I’ve had personal experience of that: when my husband and I decided to cut off his family because of their, shortly put, mentally abusive behaviour: guess who got called a “f-ing beeyatch” and “to get off your high horse”. Not my husband, their direct flesh and blood! It was me. As though being angry at someone treating you in an abusive fashion makes you a bad person.

    • frisbee says:

      You are both right, anger changes things and god knows, things need to change.

    • pinetree13 says:

      Yes to me that statement pings because it’s used in sexism and racism SO MUCH. Women should be demure. Women should gain rights by showing men how worthy they are by being more nurturing (seriously that used to be an argument). Don’t be the “angry black woman!”

      Basically don’t act angry because that disrupts the status quo and no one wants that. Stay in your place.

  21. Mabs A'Mabbin says:

    She didn’t do or go far enough. I had this same conversation with my husband yesterday, that I could have leveled several lawsuits within the oil industry twenty years ago had current climates existed. I was ‘scrappy’ myself, sometimes had go full-on pit bull. The difference between me, and sadly so many women, I didn’t just worry about myself. Women can be so catty and rude to each other, and throughout the ages, they perpetuate gossip, alleged bad behavior, getting what they deserve, etc. You know what I’m talking about. But that’s been an enormous pet peeve of mine–women hating women. So I ‘pit-bulled’ every time I saw something. I felt very protective of others my whole life so all this crap bubbling to the surface now makes me so hopeful and proud. Not every woman is able (for whatever reason) to be overtly verbal or progressive or assertive or what a certain situation calls for at any given moment involving harassment of any kind. And they shouldn’t be diminished for that. Ever. Me being ‘scrappy’ is fine for me. But I’m not the only woman on the planet.

  22. noway says:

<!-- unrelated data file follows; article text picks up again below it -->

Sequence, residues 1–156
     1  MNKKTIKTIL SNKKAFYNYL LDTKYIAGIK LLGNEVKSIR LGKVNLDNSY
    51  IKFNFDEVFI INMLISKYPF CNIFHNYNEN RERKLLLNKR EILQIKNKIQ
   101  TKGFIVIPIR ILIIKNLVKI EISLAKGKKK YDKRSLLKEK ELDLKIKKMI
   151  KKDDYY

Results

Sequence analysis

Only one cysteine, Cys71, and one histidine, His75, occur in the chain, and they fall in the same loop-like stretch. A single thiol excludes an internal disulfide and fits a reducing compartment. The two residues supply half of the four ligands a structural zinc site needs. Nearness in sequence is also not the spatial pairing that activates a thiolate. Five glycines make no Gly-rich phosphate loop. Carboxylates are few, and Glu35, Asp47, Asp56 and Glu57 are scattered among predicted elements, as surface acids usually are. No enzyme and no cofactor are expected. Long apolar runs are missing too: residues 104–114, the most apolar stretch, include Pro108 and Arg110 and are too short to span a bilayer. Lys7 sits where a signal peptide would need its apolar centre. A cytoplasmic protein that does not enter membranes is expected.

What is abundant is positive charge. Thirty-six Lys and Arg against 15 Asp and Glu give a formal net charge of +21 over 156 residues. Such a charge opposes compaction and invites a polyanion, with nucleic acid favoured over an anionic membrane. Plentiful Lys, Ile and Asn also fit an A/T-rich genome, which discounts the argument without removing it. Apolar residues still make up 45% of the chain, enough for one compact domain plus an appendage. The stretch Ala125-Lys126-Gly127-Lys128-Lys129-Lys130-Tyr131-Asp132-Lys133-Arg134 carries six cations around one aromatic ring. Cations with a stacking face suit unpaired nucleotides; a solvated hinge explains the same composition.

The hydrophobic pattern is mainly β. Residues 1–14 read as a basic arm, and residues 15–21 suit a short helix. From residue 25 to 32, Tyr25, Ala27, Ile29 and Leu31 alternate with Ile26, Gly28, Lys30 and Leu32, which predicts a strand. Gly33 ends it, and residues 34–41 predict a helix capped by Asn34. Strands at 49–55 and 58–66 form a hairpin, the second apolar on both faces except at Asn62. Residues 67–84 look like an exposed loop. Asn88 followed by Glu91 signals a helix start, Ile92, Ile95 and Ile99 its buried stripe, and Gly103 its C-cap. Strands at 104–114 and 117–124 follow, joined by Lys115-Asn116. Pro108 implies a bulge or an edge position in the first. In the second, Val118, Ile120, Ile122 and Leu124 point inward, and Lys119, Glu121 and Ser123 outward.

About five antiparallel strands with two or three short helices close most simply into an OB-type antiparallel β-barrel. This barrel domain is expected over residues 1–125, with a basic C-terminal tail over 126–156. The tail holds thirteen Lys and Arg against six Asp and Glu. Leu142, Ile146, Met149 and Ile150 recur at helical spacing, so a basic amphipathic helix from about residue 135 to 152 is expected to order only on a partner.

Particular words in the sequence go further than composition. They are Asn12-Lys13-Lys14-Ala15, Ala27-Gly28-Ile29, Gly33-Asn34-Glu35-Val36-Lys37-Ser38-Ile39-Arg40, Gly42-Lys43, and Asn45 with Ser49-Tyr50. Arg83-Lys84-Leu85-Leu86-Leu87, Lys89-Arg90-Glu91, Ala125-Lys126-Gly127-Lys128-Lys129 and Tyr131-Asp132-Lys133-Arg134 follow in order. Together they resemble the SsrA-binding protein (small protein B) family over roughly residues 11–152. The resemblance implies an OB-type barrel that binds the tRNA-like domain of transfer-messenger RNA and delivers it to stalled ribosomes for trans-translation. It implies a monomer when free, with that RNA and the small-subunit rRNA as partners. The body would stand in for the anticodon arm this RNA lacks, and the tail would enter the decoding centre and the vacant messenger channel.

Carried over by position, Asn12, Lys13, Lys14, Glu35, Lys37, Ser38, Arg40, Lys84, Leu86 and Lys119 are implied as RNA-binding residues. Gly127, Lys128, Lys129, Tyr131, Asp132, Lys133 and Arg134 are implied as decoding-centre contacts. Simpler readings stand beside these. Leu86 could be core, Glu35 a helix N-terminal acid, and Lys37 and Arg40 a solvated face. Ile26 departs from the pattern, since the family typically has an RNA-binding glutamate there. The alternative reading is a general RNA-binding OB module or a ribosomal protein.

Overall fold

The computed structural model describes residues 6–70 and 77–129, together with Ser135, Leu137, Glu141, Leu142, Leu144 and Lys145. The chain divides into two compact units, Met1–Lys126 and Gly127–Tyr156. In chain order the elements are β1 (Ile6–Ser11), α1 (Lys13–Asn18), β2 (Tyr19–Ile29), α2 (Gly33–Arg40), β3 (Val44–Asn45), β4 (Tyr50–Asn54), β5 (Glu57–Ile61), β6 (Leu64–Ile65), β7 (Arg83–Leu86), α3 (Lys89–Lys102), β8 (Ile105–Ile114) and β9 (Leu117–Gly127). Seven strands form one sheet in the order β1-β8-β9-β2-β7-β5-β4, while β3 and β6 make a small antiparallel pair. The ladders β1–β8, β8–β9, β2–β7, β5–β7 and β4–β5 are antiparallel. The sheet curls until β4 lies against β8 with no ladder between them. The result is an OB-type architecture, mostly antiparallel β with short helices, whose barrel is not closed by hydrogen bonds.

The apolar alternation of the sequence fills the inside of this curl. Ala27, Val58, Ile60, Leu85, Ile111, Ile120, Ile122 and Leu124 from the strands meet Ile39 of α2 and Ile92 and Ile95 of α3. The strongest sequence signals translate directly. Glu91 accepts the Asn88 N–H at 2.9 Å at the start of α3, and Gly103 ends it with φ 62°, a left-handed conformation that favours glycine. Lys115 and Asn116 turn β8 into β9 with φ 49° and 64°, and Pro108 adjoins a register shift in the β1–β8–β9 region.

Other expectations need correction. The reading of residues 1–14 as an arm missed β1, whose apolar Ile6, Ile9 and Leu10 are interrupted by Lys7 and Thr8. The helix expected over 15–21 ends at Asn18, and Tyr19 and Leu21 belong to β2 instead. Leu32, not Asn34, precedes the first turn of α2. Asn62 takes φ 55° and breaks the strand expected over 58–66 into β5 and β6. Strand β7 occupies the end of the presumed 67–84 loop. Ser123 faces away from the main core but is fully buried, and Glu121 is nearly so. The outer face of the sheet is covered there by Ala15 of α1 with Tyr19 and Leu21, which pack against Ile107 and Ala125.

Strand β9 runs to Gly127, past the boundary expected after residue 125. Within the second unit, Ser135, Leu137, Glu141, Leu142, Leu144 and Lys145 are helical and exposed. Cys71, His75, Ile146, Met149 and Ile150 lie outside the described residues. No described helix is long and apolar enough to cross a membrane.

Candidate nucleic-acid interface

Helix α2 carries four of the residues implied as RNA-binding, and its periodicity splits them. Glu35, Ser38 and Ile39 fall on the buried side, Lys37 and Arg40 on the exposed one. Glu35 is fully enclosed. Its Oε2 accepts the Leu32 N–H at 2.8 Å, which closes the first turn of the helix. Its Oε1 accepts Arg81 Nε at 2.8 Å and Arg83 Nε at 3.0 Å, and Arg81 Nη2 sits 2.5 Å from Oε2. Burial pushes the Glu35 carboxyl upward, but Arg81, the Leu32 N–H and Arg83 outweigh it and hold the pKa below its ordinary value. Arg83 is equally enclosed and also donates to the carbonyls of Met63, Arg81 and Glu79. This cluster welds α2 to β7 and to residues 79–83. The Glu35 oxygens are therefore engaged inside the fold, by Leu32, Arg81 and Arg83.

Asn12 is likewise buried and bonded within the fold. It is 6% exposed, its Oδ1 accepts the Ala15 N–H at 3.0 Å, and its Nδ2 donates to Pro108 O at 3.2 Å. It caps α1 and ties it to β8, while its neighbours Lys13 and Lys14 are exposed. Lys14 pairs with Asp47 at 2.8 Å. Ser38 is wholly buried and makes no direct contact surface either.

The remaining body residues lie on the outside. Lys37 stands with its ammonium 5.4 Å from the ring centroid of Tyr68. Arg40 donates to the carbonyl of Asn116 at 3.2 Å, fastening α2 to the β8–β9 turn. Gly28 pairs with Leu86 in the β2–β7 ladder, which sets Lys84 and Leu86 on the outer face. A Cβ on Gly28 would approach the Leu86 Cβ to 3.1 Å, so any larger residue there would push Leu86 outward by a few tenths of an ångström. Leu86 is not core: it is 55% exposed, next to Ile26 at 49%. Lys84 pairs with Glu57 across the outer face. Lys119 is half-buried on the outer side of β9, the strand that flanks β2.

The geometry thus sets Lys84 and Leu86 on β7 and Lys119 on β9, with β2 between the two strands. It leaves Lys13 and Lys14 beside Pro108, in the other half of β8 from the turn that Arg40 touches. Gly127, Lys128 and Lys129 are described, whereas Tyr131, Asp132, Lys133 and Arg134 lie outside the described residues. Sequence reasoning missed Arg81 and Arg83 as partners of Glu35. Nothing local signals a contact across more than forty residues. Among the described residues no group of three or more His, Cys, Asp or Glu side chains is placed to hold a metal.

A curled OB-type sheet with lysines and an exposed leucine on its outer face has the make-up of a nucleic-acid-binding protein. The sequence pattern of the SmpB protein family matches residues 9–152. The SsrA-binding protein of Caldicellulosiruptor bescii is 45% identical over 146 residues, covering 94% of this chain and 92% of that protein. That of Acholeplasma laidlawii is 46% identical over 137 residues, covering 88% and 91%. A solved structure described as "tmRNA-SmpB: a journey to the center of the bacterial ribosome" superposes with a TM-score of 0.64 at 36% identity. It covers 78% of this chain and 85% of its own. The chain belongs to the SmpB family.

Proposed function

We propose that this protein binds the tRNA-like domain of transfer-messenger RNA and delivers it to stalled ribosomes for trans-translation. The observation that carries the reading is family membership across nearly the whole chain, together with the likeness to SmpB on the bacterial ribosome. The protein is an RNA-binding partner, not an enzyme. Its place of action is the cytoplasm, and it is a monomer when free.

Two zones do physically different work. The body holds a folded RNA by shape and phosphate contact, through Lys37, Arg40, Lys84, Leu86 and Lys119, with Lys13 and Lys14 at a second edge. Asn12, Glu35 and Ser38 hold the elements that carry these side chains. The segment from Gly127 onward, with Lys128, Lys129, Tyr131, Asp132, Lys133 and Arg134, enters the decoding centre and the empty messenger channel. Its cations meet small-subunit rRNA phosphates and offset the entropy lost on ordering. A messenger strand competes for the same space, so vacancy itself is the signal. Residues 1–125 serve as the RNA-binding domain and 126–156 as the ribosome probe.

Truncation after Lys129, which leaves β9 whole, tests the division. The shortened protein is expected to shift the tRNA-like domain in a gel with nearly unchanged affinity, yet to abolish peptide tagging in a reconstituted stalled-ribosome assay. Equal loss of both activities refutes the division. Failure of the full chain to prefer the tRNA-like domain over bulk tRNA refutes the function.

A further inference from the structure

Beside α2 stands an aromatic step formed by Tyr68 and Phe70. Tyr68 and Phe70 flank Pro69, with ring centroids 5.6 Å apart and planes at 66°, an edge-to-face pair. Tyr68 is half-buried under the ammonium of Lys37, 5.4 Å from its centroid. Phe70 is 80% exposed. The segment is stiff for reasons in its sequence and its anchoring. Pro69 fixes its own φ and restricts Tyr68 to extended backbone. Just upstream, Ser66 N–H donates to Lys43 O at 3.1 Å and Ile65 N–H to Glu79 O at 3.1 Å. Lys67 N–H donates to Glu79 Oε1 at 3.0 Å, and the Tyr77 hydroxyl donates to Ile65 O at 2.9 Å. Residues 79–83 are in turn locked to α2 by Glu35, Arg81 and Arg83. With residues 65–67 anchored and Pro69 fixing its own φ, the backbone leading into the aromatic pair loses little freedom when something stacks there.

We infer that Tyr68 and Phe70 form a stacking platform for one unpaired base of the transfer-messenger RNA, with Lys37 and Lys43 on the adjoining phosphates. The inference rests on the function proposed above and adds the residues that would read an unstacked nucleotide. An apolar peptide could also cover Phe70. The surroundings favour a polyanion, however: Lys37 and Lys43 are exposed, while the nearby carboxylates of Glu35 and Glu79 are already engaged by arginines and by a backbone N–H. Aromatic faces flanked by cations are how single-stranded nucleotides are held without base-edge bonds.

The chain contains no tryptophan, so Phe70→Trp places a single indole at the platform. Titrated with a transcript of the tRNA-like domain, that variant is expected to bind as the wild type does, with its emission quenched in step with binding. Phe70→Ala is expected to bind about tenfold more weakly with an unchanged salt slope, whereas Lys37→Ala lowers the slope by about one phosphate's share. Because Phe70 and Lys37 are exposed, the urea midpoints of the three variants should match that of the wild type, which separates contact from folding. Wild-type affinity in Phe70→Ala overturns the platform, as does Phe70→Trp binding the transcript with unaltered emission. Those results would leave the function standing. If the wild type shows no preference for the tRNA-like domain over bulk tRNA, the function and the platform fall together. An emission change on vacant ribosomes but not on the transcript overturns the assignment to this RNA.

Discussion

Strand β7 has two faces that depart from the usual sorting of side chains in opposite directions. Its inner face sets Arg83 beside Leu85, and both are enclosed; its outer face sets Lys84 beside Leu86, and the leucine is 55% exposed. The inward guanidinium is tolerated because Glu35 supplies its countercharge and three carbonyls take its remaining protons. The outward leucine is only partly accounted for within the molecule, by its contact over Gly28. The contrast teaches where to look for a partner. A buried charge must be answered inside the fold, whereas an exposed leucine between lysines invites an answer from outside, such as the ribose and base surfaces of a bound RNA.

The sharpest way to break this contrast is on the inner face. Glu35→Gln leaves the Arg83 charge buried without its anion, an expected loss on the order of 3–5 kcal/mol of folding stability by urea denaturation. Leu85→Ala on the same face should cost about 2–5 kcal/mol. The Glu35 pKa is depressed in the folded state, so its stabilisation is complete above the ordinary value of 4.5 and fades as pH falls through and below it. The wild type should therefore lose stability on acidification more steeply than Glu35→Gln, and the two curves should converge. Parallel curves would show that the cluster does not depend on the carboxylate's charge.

Wow there are a lot of people the last few weeks stepping into it with comments I don’t think they mean to sound the way they are coming across. First I think her comment was kind of just a throw away, and not a lot of thought was put into. She didn’t think about how it would sound to victims. Second, I do get where she is coming from. I worked in media for a long time, and at some of the places these cases occurred, and it never happened to me either. So you start wondering why not me? How did I avoid this? She might be trying to explain it to herself.

  23. Wren says:

    Maybe this is how she processes everything. Everyone has coping strategies. Victims of sexual assault often engage in victim blaming behavior because it’s a way to distance themselves from what happened and take back a tiny measure of control over the situation. Everyone was shocked when a famous singer (I forget who) talked about her rape in terms of what she was doing and wearing and how she made herself vulnerable. People got so mad without even considering that that was obviously how she coped with it and made herself feel safe again. Safety is largely an illusion anyway. If someone is sufficiently determined to hurt you there’s not much you can do about it short of killing them.

    Drew was obviously part of a very famous and elite family, so perhaps that kept her safe to a certain degree. Or perhaps for whatever reason she wasn’t easy enough prey and therefore the predators moved on to someone else. Maybe someone was looking out for her and she wasn’t aware of it at the time. Maybe, for reasons unknown and perhaps sheer good fortune, she escaped. It’s not like there weren’t plenty of other kids around to choose from. *barf* It’s so nauseatingly horrible.

  24. Pumpkin (formally soup, pie) says:

    For the longest time I knew only 2 things about DB: that she was in ET when she was a very young child, and that she started to smoke, do drugs or drink alcohol when she was 12, I don’t remember in what order, but she did say in interviews that she did all that. I refuse to believe that nobody took advantage of her when she was in her early teens. I refuse to. So she says she was “scrappy”? As it has anything to do with that. She was a vulnerable young girl, and as she admited herself smoking pot, drinking alcohol and oh boy, she was treated with respect but those other drug users and boozers and who knows how many abusers and rapists on the Hollywood party scene. Shut up.